frostyfingers - many thanks for this. I have the Garden Affairs brochure and they are one of the companies I am considering. Very useful to know about the insulation element - we will definitely need to use it all year round and my husband needs to work in there late at night too so it's vital it's warm enough! Thanks again.

TokenFemale Mon 14-Sep-09 18:24:10

We got our garden office from this company. DH has worked in it full time for 2 years and has had no problems. Its fully insulated, though on winter mornings he runs a fan heater for about 20 mins to take the chill out of the air.

Mins Tue 15-Sep-09 11:18:38

Thanks for that token female - haven't looked at that one before. frostyfingers - do you know how think your walls are in your garden room? Garden Affairs seem to offer 48mm or 68mm? We would go for 68mm but still not sure if walls would still need to be insulated - will probably go for as much insulation as we can I think.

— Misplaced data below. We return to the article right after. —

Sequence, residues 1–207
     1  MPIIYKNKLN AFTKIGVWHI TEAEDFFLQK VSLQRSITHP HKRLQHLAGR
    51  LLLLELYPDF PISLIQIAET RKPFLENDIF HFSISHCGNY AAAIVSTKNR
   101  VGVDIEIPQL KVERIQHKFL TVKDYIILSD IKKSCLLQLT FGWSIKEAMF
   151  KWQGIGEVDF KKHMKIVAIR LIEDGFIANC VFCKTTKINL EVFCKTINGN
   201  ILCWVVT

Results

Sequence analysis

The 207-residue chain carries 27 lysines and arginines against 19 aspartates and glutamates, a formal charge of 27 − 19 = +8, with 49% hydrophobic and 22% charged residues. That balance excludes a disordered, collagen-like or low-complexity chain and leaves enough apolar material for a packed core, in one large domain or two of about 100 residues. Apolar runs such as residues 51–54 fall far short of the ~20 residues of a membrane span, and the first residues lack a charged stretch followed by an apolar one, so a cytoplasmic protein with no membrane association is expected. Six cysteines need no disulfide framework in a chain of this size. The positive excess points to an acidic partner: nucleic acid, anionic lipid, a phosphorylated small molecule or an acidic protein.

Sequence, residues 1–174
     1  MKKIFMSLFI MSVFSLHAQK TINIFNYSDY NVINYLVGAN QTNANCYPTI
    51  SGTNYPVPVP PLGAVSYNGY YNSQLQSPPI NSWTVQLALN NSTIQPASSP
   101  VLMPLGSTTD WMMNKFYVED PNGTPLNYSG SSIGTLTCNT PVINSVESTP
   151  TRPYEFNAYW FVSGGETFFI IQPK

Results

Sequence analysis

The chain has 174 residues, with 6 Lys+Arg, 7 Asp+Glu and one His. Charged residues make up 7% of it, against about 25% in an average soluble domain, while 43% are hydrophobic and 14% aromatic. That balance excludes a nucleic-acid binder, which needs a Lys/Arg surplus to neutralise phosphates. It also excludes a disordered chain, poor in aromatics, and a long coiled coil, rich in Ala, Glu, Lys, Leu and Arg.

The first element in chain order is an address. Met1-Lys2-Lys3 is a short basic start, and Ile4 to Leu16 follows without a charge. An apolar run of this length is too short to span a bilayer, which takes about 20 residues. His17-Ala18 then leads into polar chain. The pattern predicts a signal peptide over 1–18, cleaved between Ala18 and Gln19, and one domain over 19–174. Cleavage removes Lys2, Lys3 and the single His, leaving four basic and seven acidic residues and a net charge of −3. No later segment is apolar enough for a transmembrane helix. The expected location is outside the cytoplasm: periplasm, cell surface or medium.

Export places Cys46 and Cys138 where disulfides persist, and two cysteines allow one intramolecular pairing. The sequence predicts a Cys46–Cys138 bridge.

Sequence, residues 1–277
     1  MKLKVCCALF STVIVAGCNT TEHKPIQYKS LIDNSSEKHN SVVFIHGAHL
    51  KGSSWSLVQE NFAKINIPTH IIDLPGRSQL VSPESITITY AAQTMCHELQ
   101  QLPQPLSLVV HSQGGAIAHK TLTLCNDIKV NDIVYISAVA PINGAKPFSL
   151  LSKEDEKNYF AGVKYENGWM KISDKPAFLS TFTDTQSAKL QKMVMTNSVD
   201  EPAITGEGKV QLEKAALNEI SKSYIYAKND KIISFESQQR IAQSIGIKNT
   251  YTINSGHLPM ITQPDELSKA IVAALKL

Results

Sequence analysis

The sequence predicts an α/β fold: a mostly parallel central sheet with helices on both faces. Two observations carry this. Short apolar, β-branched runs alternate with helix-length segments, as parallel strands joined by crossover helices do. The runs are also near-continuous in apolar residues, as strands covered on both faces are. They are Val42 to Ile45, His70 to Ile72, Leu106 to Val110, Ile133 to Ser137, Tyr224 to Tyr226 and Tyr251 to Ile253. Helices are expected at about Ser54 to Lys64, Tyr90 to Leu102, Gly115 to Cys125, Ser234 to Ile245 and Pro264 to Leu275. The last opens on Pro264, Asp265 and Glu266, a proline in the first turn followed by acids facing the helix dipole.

frostyfingers Mon 21-Sep-09 16:39:18

Sorry - been too busy to check here! 48mm thick. I would seriously consider insulation if you're planning to store stuff, and work full time in it. GA were really helpful, and helped with explaining the constructing, and didn't seem to mind that we had to keep ringing them up!

Mins Tue 22-Sep-09 13:15:56

Thanks for that frostyfingers. Think we will probably go for 68mm to be on the safe side and as much insulation as we can get!